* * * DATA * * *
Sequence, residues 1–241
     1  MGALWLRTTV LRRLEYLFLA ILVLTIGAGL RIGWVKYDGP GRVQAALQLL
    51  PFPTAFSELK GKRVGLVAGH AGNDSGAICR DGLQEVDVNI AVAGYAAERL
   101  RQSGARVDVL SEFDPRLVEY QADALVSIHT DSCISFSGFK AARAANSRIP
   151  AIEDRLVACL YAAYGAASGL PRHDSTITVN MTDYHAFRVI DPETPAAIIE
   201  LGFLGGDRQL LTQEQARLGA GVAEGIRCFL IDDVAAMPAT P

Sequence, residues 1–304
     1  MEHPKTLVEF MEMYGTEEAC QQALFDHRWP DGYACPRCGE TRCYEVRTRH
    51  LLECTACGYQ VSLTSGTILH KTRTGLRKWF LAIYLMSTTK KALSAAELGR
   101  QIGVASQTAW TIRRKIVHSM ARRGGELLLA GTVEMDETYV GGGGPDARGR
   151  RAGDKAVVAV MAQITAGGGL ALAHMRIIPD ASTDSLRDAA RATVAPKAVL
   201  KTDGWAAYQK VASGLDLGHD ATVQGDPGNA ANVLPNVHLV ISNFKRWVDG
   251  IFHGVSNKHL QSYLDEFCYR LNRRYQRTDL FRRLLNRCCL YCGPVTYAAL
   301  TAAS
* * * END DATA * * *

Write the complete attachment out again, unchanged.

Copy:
Sequence, residues 1–241
     1  MGALWLRTTV LRRLEYLFLA ILVLTIGAGL RIGWVKYDGP GRVQAALQLL
    51  PFPTAFSELK GKRVGLVAGH AGNDSGAICR DGLQEVDVNI AVAGYAAERL
   101  RQSGARVDVL SEFDPRLVEY QADALVSIHT DSCISFSGFK AARAANSRIP
   151  AIEDRLVACL YAAYGAASGL PRHDSTITVN MTDYHAFRVI DPETPAAIIE
   201  LGFLGGDRQL LTQEQARLGA GVAEGIRCFL IDDVAAMPAT P

Sequence, residues 1–304
     1  MEHPKTLVEF MEMYGTEEAC QQALFDHRWP DGYACPRCGE TRCYEVRTRH
    51  LLECTACGYQ VSLTSGTILH KTRTGLRKWF LAIYLMSTTK KALSAAELGR
   101  QIGVASQTAW TIRRKIVHSM ARRGGELLLA GTVEMDETYV GGGGPDARGR
   151  RAGDKAVVAV MAQITAGGGL ALAHMRIIPD ASTDSLRDAA RATVAPKAVL
   201  KTDGWAAYQK VASGLDLGHD ATVQGDPGNA ANVLPNVHLV ISNFKRWVDG
   251  IFHGVSNKHL QSYLDEFCYR LNRRYQRTDL FRRLLNRCCL YCGPVTYAAL
   301  TAAS